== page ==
The good news? It's a lot easier to teach a scorer to defend than a defender to score, so the Caps aren't in a bad spot...unless Boudreau is unable to create a system that the team will buy into. He certainly deserves another chance to do just that, but the leash won't be long. He needs to sell his players, especially Alexander Ovechkin, on the need to commit to two-way play. I'm guessing the pain of this loss will help sell his plan. If it doesn't? The Caps might need to look in another direction.

Roberto Luongo lets in seven goals in a must-win game for the Canucks. Do you think they try to trade him at this point? If so, what can they get for him?-- Brian Rudolph, Toronto

Luongo has one year left on his current deal. He also has a no-trade clause and Vancouver GM Mike Gillis has said he won't ask his captain to waive it.

Does that mean Luongo won't be dealt? Of course not. We've already seen that an NTC is only a bargaining chip that allows a player to dictate the terms under which he can be dealt.

And you can certainly make the argument that a deal would help the Canucks. Assuming they keep the Sedins (who are UFAs as of July 1), the team's biggest deficiency seems to be along a blueline that was exposed as too slow and creatively challenged by the Blackhawks. Swapping Luongo would either bring in pieces that could address those holes or free up the cap space to pursue a solution in free agency. With Cory Schneider waiting in the wings, it's not an entirely unappealing option.

That said, I don't think Gillis moves him, at least not this summer. Luongo's season had more rough spots than usual, but he remains one of the top three goalies in the world. I get the sense that Gillis thinks the team is more likely to win with him than without him. And remember, Gillis has had just one season to put his stamp on the team. Given the opportunity to shuffle the deck chairs a bit during the off-season, he might stumble on the right formula. If not, and the Canucks are struggling during the second half next season, then you might seem some smoke rising on the trade front.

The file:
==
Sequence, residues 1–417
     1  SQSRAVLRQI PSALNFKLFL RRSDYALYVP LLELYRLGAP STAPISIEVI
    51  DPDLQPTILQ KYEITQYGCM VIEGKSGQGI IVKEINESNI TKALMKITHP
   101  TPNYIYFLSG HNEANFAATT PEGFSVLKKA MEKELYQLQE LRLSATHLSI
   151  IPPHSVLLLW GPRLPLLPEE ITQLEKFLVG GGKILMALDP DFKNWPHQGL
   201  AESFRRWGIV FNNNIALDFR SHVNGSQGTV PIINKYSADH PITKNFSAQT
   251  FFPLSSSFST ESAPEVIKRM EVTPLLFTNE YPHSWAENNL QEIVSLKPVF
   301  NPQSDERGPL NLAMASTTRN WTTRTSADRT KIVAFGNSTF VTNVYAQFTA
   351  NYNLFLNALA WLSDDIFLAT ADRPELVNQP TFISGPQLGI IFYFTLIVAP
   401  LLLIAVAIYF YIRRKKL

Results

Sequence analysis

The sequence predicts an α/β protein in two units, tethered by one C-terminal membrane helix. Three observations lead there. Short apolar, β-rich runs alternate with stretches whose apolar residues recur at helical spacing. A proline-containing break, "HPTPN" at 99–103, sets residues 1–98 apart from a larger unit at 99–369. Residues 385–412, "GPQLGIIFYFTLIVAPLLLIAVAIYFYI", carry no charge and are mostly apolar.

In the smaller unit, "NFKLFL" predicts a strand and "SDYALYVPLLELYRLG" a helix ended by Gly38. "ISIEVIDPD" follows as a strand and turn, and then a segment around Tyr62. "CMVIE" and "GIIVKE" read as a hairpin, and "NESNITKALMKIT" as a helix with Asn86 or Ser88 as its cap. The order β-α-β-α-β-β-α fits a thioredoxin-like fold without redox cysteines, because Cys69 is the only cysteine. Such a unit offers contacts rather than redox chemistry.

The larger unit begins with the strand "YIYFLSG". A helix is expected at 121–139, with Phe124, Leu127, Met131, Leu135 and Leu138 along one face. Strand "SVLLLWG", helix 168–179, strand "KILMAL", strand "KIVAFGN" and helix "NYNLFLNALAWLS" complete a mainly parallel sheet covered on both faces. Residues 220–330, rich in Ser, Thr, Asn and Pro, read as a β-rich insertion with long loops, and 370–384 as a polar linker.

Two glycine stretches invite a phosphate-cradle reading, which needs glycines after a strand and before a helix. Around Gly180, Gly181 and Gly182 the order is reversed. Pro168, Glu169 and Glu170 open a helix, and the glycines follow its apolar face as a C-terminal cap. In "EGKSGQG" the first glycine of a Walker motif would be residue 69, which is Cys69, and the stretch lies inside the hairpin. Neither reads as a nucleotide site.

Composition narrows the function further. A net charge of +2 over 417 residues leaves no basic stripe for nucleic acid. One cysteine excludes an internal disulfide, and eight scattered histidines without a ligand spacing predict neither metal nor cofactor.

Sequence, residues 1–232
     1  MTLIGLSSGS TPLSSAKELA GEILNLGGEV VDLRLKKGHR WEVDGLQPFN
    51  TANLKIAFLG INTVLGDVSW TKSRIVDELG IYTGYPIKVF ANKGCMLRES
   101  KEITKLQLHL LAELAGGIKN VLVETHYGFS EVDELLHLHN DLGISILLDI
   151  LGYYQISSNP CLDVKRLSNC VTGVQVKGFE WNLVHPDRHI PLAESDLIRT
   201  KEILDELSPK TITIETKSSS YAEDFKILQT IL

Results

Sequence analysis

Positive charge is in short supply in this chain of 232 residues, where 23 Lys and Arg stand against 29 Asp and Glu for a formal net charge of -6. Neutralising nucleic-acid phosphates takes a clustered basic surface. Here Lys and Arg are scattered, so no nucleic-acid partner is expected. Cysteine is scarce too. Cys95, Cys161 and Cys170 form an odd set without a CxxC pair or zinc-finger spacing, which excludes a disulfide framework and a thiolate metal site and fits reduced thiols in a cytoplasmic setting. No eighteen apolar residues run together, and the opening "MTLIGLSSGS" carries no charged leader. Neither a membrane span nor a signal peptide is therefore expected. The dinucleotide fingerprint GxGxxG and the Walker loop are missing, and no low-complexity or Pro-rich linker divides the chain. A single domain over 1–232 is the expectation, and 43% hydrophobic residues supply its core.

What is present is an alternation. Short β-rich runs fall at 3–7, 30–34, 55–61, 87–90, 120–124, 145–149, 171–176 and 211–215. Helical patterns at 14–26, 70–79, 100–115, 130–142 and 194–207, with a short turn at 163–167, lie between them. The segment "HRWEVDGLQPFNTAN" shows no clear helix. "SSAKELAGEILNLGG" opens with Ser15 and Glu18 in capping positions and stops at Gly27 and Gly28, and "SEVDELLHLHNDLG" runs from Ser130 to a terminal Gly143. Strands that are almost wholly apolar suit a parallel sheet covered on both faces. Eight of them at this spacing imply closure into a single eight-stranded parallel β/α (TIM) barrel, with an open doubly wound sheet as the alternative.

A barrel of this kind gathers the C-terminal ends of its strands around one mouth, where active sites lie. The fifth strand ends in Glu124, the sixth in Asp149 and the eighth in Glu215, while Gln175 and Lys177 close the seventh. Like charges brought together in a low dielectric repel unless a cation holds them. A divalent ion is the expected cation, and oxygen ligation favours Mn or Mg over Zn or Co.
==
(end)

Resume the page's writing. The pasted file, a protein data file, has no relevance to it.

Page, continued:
Any idea who might be the next coach of the Habs? Any chance it could be Patrick Roy?-- Ghislain Lefebvre, Ontario

After cutting his teeth behind the bench with the QMJHL's Quebec Remparts, Roy has said that he's willing to listen to NHL coaching offers. He's already met with the Avalanche, who are in the process of reviewing the tenure of Tony Granato. He's yet to sit down with the Canadiens, but the rumor persists that he's under consideration for that job even though the failure of Guy Carbonneau suggests that a more experienced hand on the wheel would better suit their needs.

Even as a novitiate, Roy has his supporters, including Scotty Bowman, but the name I'd keep in mind is Scott Arniel. The former Winnipeg Jets great was the top coach in the AHL, guiding the Manitoba Moose to a 107-point season. He's looking even better now thanks to a strong postseason run in which the Moose have won 10 straight and are up 3-0 in the Western Conference final after beating Houston 4-3 on Monday night.

Arniel is said to be a player's coach who encourages individual creativity, but he also demands defensive responsibility. The Moose were the league's stingiest team (2.30 GAA), and that's something that's drawn a lot of attention, especially in Montreal where attention to defense was as fleeting as the career of Mitsou.

There's some thought that the Canucks may promote Arniel within their system to keep him in-house for whenever they decide to pull the rug out from under Alain Vigneault (it's not imminent, but it happens to every coach sooner or later). If that doesn't happen, Arniel looks like the best available candidate for either Montreal or Edmonton.